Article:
Now, I do have a disclaimer. I am NOT fond of my son’s seemingly over-zealous attitude regarding weed. I do wonder some days if he is a bit too involved (hence the plants/lights he has in the basement). And I do believe it IS addictive. Can we OD? Of course not, but it can create problems for us. HOWEVER, at our age , , , , it really does seem a logical alternative. Sorry if that got confusing. LOL, I have thought this one through quite a bit. Great post,, as always
    here’s to Spring Adventures!!!!

    • sswl says:

      Ha! Glad I caught you at the right moment in time with this, Dawn. I actually wouldn’t have considered it with high THC, but without it, it’s not that different from Advil, only without the risk to your gut. I think the THC is addictive, like every other mind-altering substance known to man or woman, and I do find it worrisome when people have to get stoned every day. But someone like your son…do you think he has PTSD? Seems like if that’s what you have, whatever quiets your mind might help, though maybe not in any long-term way…not that I know a single thing about it. (!)

      It’ll be interesting to see what happens in Colorado with the legalization. Here they still have to pretend it’s all about its medicinal qualities–not that they’re negligible–but there, it’s straight out recreational, right?

      So glad there are more options these days.

      • dawn says:

        From where I sit, which is a thousand miles away from my son,,, I’m not in a position to lean one way or another regarding PTSD…. His duties as military police were that of protecting the higher officers; he was not in combat,, though,, naturally he saw his share of tragedy. I can’t wrap my head around any of it – what these young people observe, what that has to be like, what they do with it upon return to the states.. I just don’t know. I have read many many accounts of PTSD and it seems I am unable to read any news accounts today without reading the tragedies of how our soldiers fight battles over there, only to come home and lose the war of addiction and mental illness. If he is asymptomatic regarding his experience in Baghdad as well as his diagnosed depression,, then,, do whatcha gotta do kid.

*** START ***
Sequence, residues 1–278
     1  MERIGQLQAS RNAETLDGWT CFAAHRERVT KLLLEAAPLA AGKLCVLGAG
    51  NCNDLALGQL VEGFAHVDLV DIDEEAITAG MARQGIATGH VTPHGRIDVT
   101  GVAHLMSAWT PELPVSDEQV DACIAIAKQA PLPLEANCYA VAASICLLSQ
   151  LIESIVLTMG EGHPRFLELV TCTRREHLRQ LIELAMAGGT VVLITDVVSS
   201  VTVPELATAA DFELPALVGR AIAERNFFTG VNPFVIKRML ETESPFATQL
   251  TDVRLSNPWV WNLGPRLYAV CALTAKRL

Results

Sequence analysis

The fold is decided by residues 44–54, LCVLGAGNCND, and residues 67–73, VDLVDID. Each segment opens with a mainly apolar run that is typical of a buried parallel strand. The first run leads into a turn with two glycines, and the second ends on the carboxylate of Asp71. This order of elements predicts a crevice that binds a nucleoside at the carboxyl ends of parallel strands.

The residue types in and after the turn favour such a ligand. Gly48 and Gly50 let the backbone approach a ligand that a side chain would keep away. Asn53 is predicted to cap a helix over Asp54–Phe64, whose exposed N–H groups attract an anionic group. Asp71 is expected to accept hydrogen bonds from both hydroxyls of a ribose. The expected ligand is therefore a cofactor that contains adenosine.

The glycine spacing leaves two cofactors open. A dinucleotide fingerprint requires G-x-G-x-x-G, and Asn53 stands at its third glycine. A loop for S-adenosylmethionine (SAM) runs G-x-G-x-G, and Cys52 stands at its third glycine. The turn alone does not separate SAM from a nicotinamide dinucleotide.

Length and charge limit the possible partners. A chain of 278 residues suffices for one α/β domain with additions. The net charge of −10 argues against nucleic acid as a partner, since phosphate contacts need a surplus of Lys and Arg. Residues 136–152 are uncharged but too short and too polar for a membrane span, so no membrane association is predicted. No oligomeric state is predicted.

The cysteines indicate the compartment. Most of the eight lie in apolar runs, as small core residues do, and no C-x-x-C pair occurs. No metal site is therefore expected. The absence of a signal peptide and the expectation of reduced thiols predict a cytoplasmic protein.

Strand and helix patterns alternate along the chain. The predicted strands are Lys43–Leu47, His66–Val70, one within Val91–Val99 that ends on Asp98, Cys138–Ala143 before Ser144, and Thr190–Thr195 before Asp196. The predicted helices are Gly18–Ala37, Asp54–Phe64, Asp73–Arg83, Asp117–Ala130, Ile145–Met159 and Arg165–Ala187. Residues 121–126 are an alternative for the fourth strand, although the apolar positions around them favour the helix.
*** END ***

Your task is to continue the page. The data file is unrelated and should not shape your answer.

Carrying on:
In theory, CO card carriers are supposed to be deemed medically in need to use THC for treatment for what ales them. Legally, my son may only have X amount of plants and product – I plead the fifth however . . . My point is that there are reportedly rules and regs in place. No idea what they do with the individuals who are caught not abiding.
        Yes, our nation has eyes on CO I am sure. .
        Can’t wait to hear how this treatment works for you. I’m optimistic though. My husbands nephew makes a living somewhere out there in the hills/mountains of CA harvesting marijuana. At the end of the day,, if this nation made it legal, taxed the hell out of it – I have to wonder where our deficit would be – I’m NO economist. But the practical side of me wonders

      • sswl says:

        I have little direct experience with vets these days, but the stories I hear about what they go through, and the high rate of homeless vets on the streets of San Francisco, appalls me. Their treatment options for PTSD or addiction apparently are extremely limited, and I doubt medical marijuana is officially one of them, so they’d have to pay for it themselves–not an option for many. But, it is there for those who can get it, and for people like your son, I’m glad of that.
        Working my way up on the dosage. Will post something soon about how it’s working.
        Oh, and I paid $10.45 in state sales tax on my order, so doing my best to plug the holes in the budget.

  4. cleo says:

    I just so hope it works for you and lets you dance again! Holding thumbs and toes and everything else. xxx

  5. Imogen says:

    What a joyous photograph! So pleased you’ve found something that might alleviate the pain long term. Crikey, you deserve a break.
    Sorry i haven’t commented for a while, but i have been reading and following where you’re at. You are an amazing and strong woman. Hugs xo